David Cross likes the word “poo.” David Cross does not like Fox News. David Cross loves to hate reality TV.
Take those three premises, try to make them funny and you've basically got I Drink For A Reason, a collection of comical essays by the dude best known for playing Tobias F?nke on “Arrested Development.”
I Drink for A Reason is, at its best moments, funny in a mild, easy-target sort of way. But it also seems to be an outlet for a very bitter person to skewer his weird little pet peeves, and the essays with that quality pollute the rest of the book.
For example, Cross is at his funniest when he's not really trying to prove a point. The gem here is “Minutes of the Development and Programming Meeting for FOX Television's New Season,” in which Cross imagines network executives brainstorming ideas for a show like America's Nudest Teens! and America's Least Favorite Horse.
“Ideas for T-Shirts To Be Sold At Urban Outfitters,” basically a list of slogans for clothes to be worn by wannabe hipsters, is so dead-on it almost can't be called satire (I don't think it's a coincidence, by the way, that the only topics Cross succeeds in making truly humorous are the “gimme” topics many other comedians also lampoon).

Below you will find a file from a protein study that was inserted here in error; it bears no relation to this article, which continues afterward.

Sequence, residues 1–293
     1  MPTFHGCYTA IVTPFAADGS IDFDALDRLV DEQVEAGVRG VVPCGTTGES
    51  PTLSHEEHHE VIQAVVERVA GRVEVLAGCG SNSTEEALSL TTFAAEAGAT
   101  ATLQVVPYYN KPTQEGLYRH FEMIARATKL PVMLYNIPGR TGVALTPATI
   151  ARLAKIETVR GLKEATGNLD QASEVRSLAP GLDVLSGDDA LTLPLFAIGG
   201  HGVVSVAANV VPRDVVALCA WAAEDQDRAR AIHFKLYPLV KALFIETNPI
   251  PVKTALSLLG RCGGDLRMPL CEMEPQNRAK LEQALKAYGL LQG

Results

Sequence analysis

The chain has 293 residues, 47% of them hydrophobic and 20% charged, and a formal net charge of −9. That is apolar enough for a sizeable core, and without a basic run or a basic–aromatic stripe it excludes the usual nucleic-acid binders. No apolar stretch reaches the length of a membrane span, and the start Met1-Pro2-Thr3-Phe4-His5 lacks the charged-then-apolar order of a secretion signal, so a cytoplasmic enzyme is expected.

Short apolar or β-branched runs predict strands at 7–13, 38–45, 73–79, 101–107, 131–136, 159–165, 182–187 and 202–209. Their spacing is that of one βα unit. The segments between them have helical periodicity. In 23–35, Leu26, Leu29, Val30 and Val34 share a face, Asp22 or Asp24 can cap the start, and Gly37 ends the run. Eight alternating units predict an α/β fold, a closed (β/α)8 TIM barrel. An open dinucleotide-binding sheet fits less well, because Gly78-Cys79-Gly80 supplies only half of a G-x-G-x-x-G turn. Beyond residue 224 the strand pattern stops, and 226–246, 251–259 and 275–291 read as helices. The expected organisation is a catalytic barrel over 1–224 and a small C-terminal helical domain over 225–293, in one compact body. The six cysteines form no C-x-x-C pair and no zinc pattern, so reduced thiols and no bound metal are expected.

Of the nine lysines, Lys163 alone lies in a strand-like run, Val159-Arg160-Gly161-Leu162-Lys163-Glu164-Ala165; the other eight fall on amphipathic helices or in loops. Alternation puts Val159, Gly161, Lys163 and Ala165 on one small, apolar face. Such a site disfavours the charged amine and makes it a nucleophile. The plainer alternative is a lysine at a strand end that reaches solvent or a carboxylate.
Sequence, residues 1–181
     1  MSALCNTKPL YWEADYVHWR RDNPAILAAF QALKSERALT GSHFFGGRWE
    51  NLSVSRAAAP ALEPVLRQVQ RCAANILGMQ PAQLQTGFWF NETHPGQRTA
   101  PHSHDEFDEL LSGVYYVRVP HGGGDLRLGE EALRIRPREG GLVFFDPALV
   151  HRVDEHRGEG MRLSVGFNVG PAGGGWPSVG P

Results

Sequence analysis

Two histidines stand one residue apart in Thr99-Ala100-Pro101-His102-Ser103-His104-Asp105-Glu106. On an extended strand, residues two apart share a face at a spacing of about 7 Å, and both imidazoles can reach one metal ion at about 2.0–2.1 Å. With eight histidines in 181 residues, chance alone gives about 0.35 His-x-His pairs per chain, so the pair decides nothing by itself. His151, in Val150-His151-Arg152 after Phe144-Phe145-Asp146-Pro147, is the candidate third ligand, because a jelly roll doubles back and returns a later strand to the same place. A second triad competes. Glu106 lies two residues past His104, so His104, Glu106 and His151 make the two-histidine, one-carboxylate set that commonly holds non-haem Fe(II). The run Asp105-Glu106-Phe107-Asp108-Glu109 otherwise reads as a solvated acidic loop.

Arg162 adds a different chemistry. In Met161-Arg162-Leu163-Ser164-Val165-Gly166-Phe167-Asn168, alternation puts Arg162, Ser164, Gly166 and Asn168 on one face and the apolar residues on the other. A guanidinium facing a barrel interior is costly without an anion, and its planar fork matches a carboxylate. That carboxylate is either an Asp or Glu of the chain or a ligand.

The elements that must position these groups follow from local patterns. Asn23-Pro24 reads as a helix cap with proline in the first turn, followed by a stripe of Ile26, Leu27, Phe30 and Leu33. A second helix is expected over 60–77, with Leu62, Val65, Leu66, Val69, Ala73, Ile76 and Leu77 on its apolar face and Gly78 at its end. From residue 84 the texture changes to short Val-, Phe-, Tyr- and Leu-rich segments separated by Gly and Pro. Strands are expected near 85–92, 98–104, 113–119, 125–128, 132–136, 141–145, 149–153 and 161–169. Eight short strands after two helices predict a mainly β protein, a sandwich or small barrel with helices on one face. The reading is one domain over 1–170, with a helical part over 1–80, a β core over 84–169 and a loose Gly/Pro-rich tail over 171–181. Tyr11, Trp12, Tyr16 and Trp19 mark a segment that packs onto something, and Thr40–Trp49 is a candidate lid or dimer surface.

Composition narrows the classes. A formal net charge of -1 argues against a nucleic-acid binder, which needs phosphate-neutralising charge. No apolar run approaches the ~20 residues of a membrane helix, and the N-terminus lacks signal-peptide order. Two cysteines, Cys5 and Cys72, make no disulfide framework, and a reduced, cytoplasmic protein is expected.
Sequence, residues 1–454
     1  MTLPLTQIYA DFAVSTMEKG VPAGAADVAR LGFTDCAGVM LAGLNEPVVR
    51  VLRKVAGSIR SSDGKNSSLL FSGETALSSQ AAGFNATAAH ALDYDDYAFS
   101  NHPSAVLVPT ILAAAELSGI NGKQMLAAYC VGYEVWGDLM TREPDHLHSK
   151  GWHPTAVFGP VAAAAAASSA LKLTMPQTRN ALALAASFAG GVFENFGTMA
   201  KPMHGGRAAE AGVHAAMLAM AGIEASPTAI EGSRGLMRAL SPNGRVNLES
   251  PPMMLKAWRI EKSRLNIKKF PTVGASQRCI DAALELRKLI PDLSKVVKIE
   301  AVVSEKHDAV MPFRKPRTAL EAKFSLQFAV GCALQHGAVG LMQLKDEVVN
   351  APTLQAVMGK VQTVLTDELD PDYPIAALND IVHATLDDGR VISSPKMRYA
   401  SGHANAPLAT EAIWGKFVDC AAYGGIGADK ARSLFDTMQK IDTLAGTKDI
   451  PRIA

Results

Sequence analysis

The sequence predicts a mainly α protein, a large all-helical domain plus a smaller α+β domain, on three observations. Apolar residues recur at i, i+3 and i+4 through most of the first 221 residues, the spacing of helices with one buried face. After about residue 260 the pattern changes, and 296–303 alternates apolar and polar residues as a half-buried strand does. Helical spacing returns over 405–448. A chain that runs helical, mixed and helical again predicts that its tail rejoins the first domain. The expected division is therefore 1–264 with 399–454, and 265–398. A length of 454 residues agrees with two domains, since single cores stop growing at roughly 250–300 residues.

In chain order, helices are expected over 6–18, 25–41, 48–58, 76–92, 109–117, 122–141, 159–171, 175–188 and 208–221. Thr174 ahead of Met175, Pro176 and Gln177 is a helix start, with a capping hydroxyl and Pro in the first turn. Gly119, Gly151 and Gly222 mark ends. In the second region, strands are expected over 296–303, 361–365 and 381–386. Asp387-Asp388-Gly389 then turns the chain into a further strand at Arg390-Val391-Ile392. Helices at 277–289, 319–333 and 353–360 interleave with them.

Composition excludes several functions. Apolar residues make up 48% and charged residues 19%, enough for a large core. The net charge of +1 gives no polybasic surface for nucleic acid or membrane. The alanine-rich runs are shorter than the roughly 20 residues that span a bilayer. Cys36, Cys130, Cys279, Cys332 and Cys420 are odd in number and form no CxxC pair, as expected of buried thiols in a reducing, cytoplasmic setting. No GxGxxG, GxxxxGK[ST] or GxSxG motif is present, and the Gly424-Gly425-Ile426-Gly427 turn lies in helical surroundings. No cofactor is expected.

But Cross has way too many essays in which he makes fun of organized religion, the “stupidity” of middle class America, and a handful of pet targets, like Bill O'Reilly, Mormons, and (for whatever reason) Whoopi Goldberg. Cross comes back to these topics over and over again and delights in pointing out why he thinks they are ridiculous. It got to the point where I thought “Okay, David Cross. I get it. You're so enlightened that you don't need religion. You're so above celebrity culture you've never glanced at Us Weekly in the supermarket checkout aisle. You're just on such a higher plane from everyone else, aren't you? Get over it already.” I got so tired of Cross' vitriol I skipped over “Bill O'Reilly Fantasy” and only skimmed “Beef With Jim Belushi,” just because the thought of hearing Cross pick on another marginal celebrity made my face kind of hurt.
Don't get me wrong ? humor can be edgy, it can be dark, it can even be offensive (to a point). It just seems that in “I Drink For A Reason” Cross is using humor as a means to expose an audience to these weird, very personal little vendettas he's been silently nurturing, away in some darkened room of his subconscious, for way too long. I don't think it means I have no sense of humor if I don't want to read that.